As we consider our options and plans for the future of Faces on Fourth Street, we felt it might be helpful to clear the air so everyone understands where we are now and how we got here.
First a cautionary note; many false rumors and myths have surfaced about Faces. Much of what the public thinks they know about us is not true. We were not evicted by the landlord. We own the building and it's contents. We have not "skipped town". The fact that we own the building and have operated it as one of the best known (infamous)nightclubs in the country for 14 years makes that rumor sound kind of silly and insulting. The owner is not wealthy, did not run off with all the money, did not bleed the bar to pay for his drug habit, his harem of boys, his swimming pool, his doll collection, or any other diversion. The owner and his family have not collected pay or money from the club in at least 4 years. They (the owner and his family) have in fact loaned money, morale support, and provided sweat equity to try to turn things around. We have not declared bankruptcy. The Bush Administration has basically eliminated that option for a small business trying to survive. We have not sold the building although if you ask any bar owner in town, they would answer the same way, everyone has a price and we would consider a sale for the right price if it meant the bar could survive.
Given a choice, we would have rather kept the club open as we worked to improve it ourselves. Unfortunately, we are faced with a perfect storm of events with some common themes that make that choice nearly impossible. The problems that have drained our cash reserves include several acts of god and several outrageous actions by government officials.
Several years ago, the abandoned building next door (now a vacant lot) collapsed onto our building, parking lot, and street. The owner of the property did not clean up the collapsed building, leaving it on our parking lot, patio, street, and roof. The resulting mess impacted our business as it looked like our building collapsed as well as rendering critical street and lot parking unusable for months. We were forced to hire lawyers to sue the owner to clean it up. The clean up was slowed by corrupt government officials (later sent to prison) who put greed and personal gain over public safety. The building was left to literally crumble around us (and on top of one of our employee's cars). We paid tens of thousands of dollars to lawyers who never reached a settlement or collected damages. Basically they were really good at sending us bills. We ended up cleaning most of the debris and brick up ourselves as well as attempting to protect our customers by securing the site with barricades and concrete barriers. Our lawyers couldn't even get the owners to secure the site or post warning signs. We were forced to drop the suit because it was bleeding our cash reserves.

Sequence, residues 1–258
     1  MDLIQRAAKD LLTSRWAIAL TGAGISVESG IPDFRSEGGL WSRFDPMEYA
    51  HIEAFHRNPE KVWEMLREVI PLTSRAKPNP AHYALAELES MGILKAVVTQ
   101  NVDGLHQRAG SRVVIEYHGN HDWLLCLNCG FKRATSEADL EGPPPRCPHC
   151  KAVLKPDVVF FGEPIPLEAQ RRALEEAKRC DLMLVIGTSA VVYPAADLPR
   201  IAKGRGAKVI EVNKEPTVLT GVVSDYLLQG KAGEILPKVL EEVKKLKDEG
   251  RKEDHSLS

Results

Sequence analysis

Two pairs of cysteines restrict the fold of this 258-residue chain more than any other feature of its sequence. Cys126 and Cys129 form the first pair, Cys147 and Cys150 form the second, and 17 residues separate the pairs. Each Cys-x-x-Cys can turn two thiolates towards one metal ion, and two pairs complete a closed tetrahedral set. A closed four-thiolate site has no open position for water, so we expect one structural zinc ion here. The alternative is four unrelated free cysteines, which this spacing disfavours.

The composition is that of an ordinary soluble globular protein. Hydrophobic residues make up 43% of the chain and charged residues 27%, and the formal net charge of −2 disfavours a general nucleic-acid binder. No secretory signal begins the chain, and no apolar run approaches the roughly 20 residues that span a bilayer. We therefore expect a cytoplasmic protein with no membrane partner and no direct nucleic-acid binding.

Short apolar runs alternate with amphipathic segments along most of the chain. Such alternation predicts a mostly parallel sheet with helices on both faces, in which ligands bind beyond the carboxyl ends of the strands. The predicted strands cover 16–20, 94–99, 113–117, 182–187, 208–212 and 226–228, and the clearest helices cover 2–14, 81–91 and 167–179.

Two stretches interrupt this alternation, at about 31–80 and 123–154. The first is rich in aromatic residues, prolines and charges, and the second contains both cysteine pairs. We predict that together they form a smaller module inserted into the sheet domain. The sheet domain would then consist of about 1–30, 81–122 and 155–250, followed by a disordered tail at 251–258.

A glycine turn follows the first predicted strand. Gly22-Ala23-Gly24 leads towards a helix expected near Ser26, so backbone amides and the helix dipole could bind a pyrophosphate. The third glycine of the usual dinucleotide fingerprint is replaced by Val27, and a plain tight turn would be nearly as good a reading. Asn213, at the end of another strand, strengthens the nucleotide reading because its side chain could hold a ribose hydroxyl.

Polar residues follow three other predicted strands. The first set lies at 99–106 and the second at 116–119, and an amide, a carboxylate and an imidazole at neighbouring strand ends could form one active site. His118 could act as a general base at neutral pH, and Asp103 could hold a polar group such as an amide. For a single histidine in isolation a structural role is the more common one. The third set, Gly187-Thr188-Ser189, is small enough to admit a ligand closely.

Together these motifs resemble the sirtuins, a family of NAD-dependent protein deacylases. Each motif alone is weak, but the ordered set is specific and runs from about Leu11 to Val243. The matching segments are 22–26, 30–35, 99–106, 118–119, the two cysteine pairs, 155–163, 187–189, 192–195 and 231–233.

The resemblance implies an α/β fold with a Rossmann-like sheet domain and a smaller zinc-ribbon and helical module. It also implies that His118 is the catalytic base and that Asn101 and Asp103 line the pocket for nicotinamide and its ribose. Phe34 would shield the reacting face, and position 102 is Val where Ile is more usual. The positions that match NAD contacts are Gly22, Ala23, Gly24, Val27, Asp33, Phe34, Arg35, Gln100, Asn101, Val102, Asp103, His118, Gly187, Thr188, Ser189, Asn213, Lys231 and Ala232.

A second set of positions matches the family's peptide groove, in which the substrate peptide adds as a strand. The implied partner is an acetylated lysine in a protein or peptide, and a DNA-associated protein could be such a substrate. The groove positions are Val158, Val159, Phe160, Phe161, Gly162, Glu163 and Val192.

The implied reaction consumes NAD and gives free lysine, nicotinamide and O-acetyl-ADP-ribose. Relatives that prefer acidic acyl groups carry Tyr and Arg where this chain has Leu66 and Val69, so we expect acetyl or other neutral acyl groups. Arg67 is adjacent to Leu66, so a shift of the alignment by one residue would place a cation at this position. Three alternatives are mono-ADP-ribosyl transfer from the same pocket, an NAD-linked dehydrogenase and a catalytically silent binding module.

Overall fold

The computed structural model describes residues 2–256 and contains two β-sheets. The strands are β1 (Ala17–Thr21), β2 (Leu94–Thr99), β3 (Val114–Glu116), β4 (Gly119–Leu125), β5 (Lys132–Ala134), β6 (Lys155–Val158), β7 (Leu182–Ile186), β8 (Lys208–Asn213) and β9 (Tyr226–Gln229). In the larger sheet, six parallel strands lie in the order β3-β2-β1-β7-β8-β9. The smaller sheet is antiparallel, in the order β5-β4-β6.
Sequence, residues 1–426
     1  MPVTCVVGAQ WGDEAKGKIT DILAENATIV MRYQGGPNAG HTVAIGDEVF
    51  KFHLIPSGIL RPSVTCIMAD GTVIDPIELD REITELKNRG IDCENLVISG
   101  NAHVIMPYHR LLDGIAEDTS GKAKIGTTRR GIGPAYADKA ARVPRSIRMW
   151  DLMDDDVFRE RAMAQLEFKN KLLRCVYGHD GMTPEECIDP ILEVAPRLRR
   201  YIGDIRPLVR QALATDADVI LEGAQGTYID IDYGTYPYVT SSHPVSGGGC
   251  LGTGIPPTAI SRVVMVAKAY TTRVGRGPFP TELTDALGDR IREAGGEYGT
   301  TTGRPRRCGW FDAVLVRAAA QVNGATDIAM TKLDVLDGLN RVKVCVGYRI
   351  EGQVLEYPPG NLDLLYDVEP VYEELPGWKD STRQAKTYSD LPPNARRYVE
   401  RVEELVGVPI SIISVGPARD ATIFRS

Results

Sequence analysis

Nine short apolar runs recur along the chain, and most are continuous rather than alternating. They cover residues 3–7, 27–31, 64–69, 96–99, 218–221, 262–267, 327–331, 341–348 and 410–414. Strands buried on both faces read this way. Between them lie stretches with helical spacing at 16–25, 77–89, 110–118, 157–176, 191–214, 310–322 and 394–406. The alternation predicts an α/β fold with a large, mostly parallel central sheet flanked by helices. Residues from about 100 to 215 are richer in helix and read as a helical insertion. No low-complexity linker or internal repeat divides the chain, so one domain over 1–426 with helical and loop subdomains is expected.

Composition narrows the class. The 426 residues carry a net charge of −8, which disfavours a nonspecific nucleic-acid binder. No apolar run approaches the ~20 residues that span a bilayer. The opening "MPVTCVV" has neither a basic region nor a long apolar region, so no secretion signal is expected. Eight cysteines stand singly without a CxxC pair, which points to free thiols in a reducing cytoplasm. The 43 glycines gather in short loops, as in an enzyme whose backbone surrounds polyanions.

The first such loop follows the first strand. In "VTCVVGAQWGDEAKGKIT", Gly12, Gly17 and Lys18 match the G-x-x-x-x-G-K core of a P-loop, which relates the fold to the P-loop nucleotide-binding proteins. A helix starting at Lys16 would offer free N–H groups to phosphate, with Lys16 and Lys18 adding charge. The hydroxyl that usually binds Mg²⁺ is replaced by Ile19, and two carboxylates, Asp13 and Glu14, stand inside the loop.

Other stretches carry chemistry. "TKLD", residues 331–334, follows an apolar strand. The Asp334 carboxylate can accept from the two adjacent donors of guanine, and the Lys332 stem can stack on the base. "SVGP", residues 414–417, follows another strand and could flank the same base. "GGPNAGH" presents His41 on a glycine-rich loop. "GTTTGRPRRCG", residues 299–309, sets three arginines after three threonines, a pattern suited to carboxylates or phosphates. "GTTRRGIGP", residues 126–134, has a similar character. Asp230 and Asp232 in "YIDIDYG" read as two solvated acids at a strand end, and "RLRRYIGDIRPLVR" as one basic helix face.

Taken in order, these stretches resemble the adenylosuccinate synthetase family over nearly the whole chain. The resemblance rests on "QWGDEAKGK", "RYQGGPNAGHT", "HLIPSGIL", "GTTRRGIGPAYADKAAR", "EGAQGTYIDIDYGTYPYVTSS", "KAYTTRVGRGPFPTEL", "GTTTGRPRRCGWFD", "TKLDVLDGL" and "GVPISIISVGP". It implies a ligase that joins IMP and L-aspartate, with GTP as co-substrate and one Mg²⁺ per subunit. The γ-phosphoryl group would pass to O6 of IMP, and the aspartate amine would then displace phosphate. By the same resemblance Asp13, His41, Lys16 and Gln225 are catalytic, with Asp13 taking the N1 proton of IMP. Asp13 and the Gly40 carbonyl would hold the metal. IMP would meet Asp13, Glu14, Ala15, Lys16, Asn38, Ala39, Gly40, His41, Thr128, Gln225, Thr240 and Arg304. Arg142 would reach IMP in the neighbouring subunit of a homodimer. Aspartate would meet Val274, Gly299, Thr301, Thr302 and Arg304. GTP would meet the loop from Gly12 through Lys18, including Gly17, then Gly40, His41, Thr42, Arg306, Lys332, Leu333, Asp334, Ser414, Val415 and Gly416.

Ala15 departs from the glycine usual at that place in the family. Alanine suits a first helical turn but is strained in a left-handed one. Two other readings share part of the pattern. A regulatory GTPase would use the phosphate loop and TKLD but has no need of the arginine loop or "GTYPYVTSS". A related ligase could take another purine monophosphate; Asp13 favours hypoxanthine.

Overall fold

We invested in a $100,000 liquor control system seven years ago. The system paid for itself in less then two years by reducing losses (through over pours of liquor). While controversial when we installed it, most large bars have similar systems, including the casinos and our neighbors, Pop's and Oz. Two years ago, our building was struck by lightning, destroying the liquor control system as well as damaging AC units,TV monitors, lighting, and sound equipment. Our insurance company refused to pay off on the claim. We were stuck with an unusable $100,000 liquor control system that we had leased. We had to pay off the lease even though the system was destroyed. We could not afford to replace the system so we were back to losing thousands of dollars a week in liquor sales while we settled and paid the lease. We were forced to pay to repair the AC units but left other equipment damaged because we could not afford to repair it. We hired a new lawyer to take this case on a contingency but nothing has been done yet.
Last year, someone climbed onto our roof from the abandoned Walgreen’s building next door. The Walgreen's building owners had failed to secure their property. The thieves gutted two of our AC units for the copper. Both units were for our cabaret. Our insurance company again refused to pay (nearly $8,000 to repair), leaving us unable replace the AC units and making it impossible to use the cabaret for 5-6 months out of the year.
Several years ago, a newly elected mayor went on TV and announced to the world that he would close all the East St. Louis bars at midnight on New Year’s Eve unless the city council gave into his demands. He tried to use the bars, one of the city's only revenue sources, as a bargaining chip with the city council. We were forced to hire a lawyer to prepare a suit against the mayor and to file a complaint with the Illinois Liquor Commission to obtain an order to keep our doors open. Our success was never reported in the news. The headlines and TV reports stating that all the bars would close, broadcast over several weeks in December resulted in our NYE business dropping in half.